I'm not normally a pessimistic person. Yesterday, though, I forgot to take my usual allergy medication. I ended up grumpy and snotty by about 1700 and so made a list of Things That Bug Me About My Job.
Abusive patients and patients' family members top the list. For some reason, it's seen as okay, in the hospital world, for patients or relatives to shout at, curse, or insult nurses. I've been told in the last week that I'm incompetent, that I'm robotic and lack a sense of humor (okay, that was from a woman who was clearly off her nut, so I'm ignoring it), that the patient in question could get better care at Podunk General. Given that Podunk General was the facility where that particular person had a completely jacked-up surgery she didn't need, I doubt that last.
What do you do when this happens? In nursing school, there's a lot of talk about "setting limits", "defining boundaries", and "therapeutic communication." Sometimes that simply doesn't work and you have to get out of the room. Other times, setting limits with a patient is harder than you think.
For instance, I once had a guy who was a professional curmudgeon in for knee surgery. He complained about *everything*--the way the bed was made, the sex and size of the physical therapists (both small, wiry females), the food, the nurses. I finally rested my arms on his bedside table and we had this exchange:
Me: "Sir, have we done anything since you've been here that is up to your expectations?"
Him: "Oh, you can't take my complaining seriously. It's just my personality; the way I am."
Me: "Well, I've had it up to my moustache with your personality. Something has to change, and change *now*. There is nobody except me who is willing to walk into this room. Be nice."
No, that communication wasn't therapeutic. But it worked.
Second on the list comes the Insulting Doctor. Be he resident or attending, some of these folks (both male and female) think it's cute to call nurses dumb. Two examples, the first from two days ago and the second from yesterday:
Male resident: "Can you tell me something about Patient A?"
Me: reels off pertinent history, recent vitals and chem results, and general information of interest.
Male resident: "Gee, that's a whole lot better than a nurse's usual reaction of (screws up face, shrugs shoulders) 'I dunno'".
Me, with blank stare: "Well, you know, we're just here to train you guys."
Which, though sad, is often true. I get asked at least once a day what to do with a patient with intractable pain or a low Dilantin level.
Female attending: "God, it's cold up here. Why don't you people turn down the air conditioner?"
Me: "Because we're comfortable."
Female attending: "Turn it down right now. I'm cold."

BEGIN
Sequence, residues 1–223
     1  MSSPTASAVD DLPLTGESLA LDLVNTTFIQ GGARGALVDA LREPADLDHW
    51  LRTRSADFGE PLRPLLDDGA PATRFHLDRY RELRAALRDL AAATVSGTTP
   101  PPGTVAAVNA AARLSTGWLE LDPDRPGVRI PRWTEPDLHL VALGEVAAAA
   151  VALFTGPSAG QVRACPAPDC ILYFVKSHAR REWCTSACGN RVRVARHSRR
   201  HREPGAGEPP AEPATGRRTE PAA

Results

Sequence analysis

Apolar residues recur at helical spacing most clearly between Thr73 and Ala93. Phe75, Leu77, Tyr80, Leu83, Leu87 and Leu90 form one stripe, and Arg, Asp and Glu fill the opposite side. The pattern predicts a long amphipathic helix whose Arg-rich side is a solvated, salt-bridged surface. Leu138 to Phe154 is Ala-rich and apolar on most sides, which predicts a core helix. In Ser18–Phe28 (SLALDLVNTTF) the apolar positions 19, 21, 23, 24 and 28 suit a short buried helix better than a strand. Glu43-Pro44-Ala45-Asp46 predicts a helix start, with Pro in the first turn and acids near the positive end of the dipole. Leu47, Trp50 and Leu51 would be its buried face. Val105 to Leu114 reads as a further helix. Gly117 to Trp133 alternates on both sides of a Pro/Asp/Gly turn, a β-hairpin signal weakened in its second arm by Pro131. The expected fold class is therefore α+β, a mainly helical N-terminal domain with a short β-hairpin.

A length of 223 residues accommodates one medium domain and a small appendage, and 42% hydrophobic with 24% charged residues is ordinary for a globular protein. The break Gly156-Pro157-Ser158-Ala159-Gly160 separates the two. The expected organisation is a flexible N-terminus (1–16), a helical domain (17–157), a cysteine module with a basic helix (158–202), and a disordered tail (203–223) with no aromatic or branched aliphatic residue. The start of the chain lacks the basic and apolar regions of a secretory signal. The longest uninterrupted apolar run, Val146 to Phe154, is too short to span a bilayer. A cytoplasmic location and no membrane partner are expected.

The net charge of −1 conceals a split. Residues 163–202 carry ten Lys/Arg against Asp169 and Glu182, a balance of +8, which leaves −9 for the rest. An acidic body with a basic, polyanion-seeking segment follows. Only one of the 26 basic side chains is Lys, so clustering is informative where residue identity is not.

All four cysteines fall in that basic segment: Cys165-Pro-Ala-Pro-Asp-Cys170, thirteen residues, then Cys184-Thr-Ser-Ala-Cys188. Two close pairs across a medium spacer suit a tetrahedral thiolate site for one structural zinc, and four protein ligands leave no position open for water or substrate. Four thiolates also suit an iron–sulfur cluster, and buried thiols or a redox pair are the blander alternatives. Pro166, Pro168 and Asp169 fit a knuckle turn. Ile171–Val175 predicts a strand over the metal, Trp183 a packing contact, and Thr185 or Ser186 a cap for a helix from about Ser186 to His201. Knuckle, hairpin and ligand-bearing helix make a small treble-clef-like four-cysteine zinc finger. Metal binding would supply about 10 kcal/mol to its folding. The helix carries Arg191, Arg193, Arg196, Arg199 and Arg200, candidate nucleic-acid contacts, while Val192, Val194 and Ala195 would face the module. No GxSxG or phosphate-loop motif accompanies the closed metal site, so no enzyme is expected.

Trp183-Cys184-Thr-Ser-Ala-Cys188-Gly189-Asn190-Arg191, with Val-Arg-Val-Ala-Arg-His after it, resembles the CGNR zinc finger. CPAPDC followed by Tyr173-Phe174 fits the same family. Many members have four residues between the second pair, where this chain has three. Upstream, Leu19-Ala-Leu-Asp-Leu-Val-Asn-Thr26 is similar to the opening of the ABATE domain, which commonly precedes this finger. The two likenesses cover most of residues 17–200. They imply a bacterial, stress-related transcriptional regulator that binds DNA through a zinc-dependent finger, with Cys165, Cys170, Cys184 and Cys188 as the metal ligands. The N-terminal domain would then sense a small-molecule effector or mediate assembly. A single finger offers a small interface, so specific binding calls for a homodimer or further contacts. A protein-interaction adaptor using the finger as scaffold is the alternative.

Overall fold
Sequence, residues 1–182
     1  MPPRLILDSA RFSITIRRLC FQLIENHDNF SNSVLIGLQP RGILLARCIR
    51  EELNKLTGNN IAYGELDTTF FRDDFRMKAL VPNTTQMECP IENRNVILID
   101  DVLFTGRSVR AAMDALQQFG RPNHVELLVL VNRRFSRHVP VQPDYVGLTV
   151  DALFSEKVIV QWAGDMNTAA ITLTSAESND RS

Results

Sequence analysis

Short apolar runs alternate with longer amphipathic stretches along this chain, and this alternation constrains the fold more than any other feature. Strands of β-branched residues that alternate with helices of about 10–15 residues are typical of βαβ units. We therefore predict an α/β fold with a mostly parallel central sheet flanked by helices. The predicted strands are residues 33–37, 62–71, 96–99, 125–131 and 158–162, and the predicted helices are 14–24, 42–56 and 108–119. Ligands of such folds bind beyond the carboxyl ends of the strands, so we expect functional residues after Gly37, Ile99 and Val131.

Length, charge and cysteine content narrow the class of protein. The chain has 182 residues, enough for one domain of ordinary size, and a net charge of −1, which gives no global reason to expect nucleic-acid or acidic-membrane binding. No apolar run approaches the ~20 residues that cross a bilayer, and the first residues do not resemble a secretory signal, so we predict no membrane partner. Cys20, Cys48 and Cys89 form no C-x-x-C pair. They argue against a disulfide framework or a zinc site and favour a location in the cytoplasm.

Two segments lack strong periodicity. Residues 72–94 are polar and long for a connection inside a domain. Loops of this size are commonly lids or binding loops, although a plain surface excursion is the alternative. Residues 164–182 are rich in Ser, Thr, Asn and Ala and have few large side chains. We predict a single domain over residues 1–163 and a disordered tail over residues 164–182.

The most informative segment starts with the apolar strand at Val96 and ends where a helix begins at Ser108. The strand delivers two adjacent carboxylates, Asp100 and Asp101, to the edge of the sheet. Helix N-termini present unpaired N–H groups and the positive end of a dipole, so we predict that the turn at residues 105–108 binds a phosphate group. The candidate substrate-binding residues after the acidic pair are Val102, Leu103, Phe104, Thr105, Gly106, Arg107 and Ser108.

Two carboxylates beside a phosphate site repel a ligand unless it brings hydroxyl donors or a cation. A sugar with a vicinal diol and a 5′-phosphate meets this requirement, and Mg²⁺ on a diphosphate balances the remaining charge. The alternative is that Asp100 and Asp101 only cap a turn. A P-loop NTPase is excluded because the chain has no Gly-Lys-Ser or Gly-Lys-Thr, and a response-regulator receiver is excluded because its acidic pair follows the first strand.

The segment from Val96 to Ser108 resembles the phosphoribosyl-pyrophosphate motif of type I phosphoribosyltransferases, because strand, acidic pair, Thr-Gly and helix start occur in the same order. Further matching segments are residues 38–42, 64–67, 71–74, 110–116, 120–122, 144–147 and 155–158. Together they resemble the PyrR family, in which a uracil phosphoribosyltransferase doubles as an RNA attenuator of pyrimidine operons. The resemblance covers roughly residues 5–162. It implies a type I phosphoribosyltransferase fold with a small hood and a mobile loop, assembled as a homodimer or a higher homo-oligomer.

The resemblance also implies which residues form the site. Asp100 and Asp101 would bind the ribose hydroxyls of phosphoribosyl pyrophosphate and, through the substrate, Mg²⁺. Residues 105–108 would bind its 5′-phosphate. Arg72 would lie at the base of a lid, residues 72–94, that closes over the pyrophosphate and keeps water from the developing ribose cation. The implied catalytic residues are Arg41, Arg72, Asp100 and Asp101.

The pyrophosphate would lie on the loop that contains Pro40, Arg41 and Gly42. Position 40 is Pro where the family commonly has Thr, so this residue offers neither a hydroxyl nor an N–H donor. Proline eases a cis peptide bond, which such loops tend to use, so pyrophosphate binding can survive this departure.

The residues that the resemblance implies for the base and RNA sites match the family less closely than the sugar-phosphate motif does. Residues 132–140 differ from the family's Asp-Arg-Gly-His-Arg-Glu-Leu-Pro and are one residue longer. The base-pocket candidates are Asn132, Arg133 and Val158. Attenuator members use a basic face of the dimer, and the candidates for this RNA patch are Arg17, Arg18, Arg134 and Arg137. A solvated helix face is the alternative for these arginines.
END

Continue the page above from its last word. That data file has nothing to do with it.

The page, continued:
Female attending, switching tacks: "Where's my patient who was in 24?"
Me: "We moved her to the pulmonary unit."
Female attending: "Oh, you guys didn't *like* her? (sneering)"
Me: "No, she's a pulmonary patient. She never should've been admitted to this floor in the first place."
Granted, I'm fond of this attending, and she, in her cold-hearted and snippy way, is fond of (or at least amused by) me. I was able to ask her later when she changed sticks. You know, the one you usually keep up your ass. It seems bigger this week.
Third on the list is management. Hospitals are the only places, I think, where you'll find managers who haven't done the work in question in years. Okay, maybe car companies are the same way, or large manufacturing concerns. But this is a hospital we're talking about--most of the folks coming up with Brilliant New Ideas have never worked in direct patient care, or haven't done so in years and years.
Middle Manager: "Here's our new piece of extra paperwork. It's brilliant! All you have to do at the end of every shift is fill out this two-page form on each of your..."
Me, breaking in: "No."
Middle Manager: "But this is brilliant! It breaks down the..."
Second Nurse, interrupting again: "No."
Middle Manager, looking confused: "No?"
Third Nurse: "All of this information is reproduced in the chart here, and here, and here. There's no need to transfer it at the end of every shift to yet another piece of paperwork."
Middle Manager: "... ... ..."
Me: "No. It won't fly. It's a bad idea."
Blessings be upon the head of this particular Middle Manager, who realized that we were right in our protests. MM looked at the chart, realized that what we were saying was true, and scrapped the idea.
Things that comfort me, post-shift:
The sound of my cat drinking out of her water glass (she's finicky; doesn't like bowls): she's the loudest drinker on the planet.
Getting a Valentine's day present so tacky, so over the top, for my boyfriend that he screamed and threw it across the bar. Perfect.
Opening the file folder of thank-you notes and props I've gotten from patients over the years and rereading them.